Newark Morning Ledger Co. v. United States, 507 U.S. 546, 18 (1993)

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Cite as: 507 U. S. 546 (1993)

Opinion of the Court

Colorado National Bankshares, 60 TCM, at 789,

¶ 90,495 P-H Memo TC, at 2,396.

The court specifically found that the deposit accounts could be identified; that they had limited lives that could be estimated with reasonable accuracy; and that they could be valued with a fair degree of accuracy. They were also not self-regenerating. "It is these characteristics which separate them from general goodwill and permits separate valuation." Ibid. See also IT&S of Iowa, Inc. v. Commissioner, 97 T. C. 496, 509 (1991); Northern Natural Gas Co. v. O'Malley, 277 F. 2d 128, 139 (CA8 1960) (concurring opinion).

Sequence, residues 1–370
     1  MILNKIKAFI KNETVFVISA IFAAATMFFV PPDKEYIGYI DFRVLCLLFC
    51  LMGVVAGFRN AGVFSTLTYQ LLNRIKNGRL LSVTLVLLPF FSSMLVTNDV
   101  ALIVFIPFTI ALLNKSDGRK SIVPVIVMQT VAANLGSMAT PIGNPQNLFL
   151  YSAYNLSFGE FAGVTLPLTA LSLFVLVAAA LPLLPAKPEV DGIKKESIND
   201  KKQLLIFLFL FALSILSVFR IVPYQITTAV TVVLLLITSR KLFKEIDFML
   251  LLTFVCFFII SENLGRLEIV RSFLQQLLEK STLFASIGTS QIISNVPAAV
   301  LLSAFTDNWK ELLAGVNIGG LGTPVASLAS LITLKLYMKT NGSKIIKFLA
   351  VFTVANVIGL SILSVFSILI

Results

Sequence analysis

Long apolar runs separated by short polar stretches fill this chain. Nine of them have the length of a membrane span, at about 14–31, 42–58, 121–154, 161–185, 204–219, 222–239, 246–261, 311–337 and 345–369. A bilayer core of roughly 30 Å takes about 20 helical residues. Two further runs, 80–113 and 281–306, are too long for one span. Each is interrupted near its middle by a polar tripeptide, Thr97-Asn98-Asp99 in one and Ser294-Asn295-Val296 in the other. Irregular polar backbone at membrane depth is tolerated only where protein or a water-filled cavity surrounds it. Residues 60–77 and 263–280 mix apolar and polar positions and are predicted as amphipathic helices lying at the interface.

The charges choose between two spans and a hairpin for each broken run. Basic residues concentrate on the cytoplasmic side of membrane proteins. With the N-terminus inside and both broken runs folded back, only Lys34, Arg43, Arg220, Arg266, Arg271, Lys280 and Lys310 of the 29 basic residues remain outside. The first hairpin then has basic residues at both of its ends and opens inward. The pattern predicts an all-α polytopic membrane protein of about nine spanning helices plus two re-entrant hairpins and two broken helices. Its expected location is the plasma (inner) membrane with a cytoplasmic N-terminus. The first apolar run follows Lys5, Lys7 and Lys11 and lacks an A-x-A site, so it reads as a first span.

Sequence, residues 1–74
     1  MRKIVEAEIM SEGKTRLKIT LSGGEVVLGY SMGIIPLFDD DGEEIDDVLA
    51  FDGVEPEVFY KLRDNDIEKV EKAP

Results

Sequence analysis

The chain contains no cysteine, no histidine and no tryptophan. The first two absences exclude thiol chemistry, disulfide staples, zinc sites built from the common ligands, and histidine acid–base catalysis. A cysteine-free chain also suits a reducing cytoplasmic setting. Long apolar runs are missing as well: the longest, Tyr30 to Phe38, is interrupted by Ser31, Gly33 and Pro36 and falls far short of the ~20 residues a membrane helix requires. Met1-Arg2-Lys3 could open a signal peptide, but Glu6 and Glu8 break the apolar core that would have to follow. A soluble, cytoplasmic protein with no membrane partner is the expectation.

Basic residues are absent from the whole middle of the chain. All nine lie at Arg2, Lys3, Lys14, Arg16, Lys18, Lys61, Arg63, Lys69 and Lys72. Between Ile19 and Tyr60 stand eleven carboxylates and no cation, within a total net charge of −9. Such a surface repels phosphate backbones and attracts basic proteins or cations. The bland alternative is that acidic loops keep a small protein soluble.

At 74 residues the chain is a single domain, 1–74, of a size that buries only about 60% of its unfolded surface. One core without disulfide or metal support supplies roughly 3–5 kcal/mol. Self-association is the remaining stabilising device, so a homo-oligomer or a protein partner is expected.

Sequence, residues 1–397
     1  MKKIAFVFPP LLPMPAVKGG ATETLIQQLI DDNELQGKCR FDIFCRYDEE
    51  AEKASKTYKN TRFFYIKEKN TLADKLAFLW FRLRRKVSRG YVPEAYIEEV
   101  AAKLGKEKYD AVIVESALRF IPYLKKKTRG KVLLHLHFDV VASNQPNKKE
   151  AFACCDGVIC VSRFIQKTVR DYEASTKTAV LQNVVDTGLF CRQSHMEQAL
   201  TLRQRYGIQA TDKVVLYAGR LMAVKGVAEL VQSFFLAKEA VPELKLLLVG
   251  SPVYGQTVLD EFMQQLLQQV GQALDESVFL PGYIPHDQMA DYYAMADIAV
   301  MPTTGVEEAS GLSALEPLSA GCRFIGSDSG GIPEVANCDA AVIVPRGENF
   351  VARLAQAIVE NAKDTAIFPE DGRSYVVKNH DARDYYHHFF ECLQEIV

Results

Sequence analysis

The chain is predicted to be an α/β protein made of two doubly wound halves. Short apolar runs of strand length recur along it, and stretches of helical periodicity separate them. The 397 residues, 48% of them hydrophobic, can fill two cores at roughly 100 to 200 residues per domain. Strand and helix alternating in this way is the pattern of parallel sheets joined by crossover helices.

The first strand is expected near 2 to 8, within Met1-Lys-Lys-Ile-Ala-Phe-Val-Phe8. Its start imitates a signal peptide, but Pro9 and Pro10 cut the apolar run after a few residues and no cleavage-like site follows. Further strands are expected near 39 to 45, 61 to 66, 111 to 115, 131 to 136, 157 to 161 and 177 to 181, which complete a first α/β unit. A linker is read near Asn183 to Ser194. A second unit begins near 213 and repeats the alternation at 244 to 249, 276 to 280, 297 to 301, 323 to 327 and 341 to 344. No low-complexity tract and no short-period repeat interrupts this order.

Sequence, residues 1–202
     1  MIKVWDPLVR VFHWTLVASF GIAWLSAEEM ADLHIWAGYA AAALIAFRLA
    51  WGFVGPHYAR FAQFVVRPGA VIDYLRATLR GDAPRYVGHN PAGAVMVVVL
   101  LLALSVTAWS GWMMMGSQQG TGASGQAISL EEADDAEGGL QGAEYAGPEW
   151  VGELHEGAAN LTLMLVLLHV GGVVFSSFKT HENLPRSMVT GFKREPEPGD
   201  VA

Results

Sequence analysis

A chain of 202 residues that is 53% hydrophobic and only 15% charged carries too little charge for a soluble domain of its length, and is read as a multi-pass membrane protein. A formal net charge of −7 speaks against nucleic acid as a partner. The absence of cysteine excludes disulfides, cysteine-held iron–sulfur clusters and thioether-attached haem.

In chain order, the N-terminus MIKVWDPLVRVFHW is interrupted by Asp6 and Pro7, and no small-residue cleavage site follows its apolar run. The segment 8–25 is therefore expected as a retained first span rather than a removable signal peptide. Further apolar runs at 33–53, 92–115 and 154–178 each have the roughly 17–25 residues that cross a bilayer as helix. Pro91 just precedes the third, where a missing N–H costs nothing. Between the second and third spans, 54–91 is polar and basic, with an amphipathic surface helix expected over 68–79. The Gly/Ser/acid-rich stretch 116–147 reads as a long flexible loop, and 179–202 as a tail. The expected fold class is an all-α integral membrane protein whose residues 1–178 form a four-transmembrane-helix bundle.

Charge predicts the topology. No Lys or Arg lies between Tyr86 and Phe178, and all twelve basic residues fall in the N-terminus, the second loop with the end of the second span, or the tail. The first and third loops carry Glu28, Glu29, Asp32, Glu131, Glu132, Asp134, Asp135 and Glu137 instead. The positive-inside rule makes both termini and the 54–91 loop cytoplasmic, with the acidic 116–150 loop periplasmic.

The Eighth Circuit has considered a factual situation nearly identical to the case now before us. In Donrey, Inc. v. United States, 809 F. 2d 534 (1987), the taxpayer sought to depreciate the subscription list of a newspaper it had purchased as a going concern. The taxpayer asserted that the subscription list was not simply a list of customers but "a machine to generate advertising revenue." Id., at 536. There was expert testimony that the value of the subscription list was "the present value of the difference in advertising revenues generated by the subscription list as compared to the revenues of an equivalent paper without a subscription list." Ibid. A jury found that the list had a limited useful life, the duration of which could be ascertained with reasonable accuracy; that the useful life was 23 years; and that it had an ascertainable value of $559,406 separate and distinct from goodwill. The District Court denied a motion for judgment notwithstanding the verdict after concluding that, although reasonable minds could have differed as to the correct result, there was evidence from which the jury could properly find for the taxpayer. The Court of Appeals implicitly rejected the Government's argument that the subscription list was necessarily inseparable from the value of goodwill when it deferred to the jury's finding that the subscription list was depreciable because it had a determinable useful life and an ascertainable value.


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